The prospect of a well-paying job at 18 or 19

Robert W. Foster

President Biden wants to spend $ 2.3 trillion on improving America’s infrastructure in response to realities that the American Society of Civil Engineers gave our national infrastructure a C-minus rating in its 2021 report. a local example, ASCE reports that 9% of Massachusetts bridges are structurally deficient.)

Biden’s bill is called the American Jobs Plan. While improving the country’s roads, bridges, ports, airports, waterworks and other vital public works components, thousands of jobs will be created. The question is, where will the construction industry find the workers to fill these jobs?

The National Center for Construction Education & Research estimates that 41% of the national workforce will be retired by 2031.

For every new worker entering the labor market, five workers leave the trades or retire.

It takes 11 years for a new worker to reach the same level of skill as the worker they are replacing.

Statistics from the Bureau of Labor project the need for 747,600 new construction workers, a 10% increase between 2018 and 2028. (This estimate was made before President Biden released his 2 , $ 3 trillion).

Nationally, since 1985, there has been a 39% decrease in the 16-24 cohort of construction workers. During the same period, there was a 39% increase in the over 45 cohort. The workforce is aging.

Boston construction labor conditions are in line with national statistics: 54.8% of construction workers in Boston are over 40. The share of Boston workers aged 18 to 24 is 6.7%. Ten years ago, the average age of the working population was 38; in 2019, the average age was 42.

People may think of construction work in Boston as mostly shovel-and-shovel labor – labor-intensive, lacking in skills. In fact, the construction workforce is made up of sheet metal workers (3%), equipment operators (4%), pipe fitters (4%), plumbers (5%), ironworkers (8 %), electricians (13%) and carpenters. (21%) as well as ordinary workers (20%). Another 22% of the workforce includes many smaller trades.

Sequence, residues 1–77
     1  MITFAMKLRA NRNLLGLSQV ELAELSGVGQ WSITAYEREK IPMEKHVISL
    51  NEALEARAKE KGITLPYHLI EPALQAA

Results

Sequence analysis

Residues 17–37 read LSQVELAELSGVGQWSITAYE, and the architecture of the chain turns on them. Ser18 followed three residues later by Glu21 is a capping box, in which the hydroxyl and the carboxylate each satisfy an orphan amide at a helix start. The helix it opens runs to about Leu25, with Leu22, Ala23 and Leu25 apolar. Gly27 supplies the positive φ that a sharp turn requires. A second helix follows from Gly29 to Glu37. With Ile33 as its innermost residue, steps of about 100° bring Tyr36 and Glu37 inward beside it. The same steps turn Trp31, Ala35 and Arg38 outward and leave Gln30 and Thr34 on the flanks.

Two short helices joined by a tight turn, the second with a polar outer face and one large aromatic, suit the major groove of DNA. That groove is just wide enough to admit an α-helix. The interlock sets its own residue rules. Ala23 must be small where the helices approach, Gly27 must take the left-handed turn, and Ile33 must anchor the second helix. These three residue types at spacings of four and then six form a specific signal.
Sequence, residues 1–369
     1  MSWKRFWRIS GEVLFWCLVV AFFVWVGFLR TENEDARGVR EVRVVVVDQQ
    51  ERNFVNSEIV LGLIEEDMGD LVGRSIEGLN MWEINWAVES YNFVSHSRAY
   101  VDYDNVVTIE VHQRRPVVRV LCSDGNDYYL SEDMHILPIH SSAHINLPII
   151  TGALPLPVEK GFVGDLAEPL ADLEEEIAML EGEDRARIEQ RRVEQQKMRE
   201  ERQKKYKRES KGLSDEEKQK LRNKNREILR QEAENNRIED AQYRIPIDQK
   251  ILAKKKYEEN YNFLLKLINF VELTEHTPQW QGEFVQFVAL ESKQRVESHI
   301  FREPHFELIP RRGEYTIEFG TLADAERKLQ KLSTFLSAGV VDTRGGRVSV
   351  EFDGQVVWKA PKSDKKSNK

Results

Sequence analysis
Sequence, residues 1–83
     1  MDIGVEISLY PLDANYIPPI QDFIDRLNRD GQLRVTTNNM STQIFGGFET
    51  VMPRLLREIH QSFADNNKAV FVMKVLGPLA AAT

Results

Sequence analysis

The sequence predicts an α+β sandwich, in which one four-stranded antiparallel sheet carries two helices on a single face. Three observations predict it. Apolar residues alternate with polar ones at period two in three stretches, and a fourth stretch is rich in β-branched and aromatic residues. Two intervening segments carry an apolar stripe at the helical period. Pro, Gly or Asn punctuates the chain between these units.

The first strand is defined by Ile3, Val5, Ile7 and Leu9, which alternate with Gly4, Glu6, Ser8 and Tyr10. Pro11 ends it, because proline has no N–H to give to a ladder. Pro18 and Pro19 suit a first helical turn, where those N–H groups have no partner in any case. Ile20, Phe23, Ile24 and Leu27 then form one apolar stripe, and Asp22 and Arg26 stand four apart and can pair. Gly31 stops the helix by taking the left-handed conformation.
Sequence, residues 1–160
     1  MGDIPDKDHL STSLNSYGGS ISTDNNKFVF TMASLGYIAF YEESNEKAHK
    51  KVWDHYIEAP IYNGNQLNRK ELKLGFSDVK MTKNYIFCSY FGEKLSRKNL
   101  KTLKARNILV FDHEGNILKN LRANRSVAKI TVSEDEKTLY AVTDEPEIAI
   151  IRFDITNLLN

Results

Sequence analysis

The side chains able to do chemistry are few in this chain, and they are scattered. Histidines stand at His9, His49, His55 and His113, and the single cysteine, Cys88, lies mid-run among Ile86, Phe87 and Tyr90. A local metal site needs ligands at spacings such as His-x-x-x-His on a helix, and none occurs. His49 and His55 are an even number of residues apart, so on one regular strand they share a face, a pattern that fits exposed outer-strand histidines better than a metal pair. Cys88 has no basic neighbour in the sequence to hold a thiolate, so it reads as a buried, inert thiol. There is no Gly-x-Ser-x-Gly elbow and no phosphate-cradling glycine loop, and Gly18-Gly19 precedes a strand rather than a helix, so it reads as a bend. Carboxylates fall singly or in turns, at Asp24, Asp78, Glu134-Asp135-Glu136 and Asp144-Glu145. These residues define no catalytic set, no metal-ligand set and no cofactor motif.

Where is the education and training for all these trades? In Massachusetts we have something called the Career Technical Initiative (CTI) program. Governor Charlie Baker, recognizing the need for more investment in vocational and technical education in Massachusetts, offered to fund the CTI program for FY22 at $ 15.3 million, but the House Ways and Means Committee proposed $ 4 million. dollars for technical career institutes. The last level of the state budget of $ 47.7 billion funds the CTI program to the tune of $ 4 million. (See “Baker Praises Vocational and Technical Training,” The Daily News, May 1.)

Surprisingly, the Republican governor gives higher priority to vocational training than does Ways and Means members of the Democratic House.

Locally we have Keefe Tech and Minuteman Tech, great institutions for young people looking for a career job. The prospect of a well-paying job at age 18 or 19 versus $ 40,000 or $ 50,000 in debt after four years of college at age 22 or 23 is an attractive option. for many young people. The opportunity to combine voc / tech training with the broader education available in the community college system is even more appealing, especially to parents who believe nothing less than a college education is right for their children. In fact, we learn from a recent survey that 60% of eastern Massachusetts voc / tech school graduates go on to some level.

MetroWest is at the center of a well-known national education area (i.e. Massachusetts). There needs to be a better understanding of the value of vocational training for young people who are not all ready or able for a four-year university experience. There are wonderful careers available to them. Too bad so many parents and high school guidance people seem to believe the narrative, in place since World War II, that a college education is the only path to a successful and meaningful career.

Robert W. Foster is a retired civil engineer living in Hopkinton. He can be reached at robertwf97 @ g.

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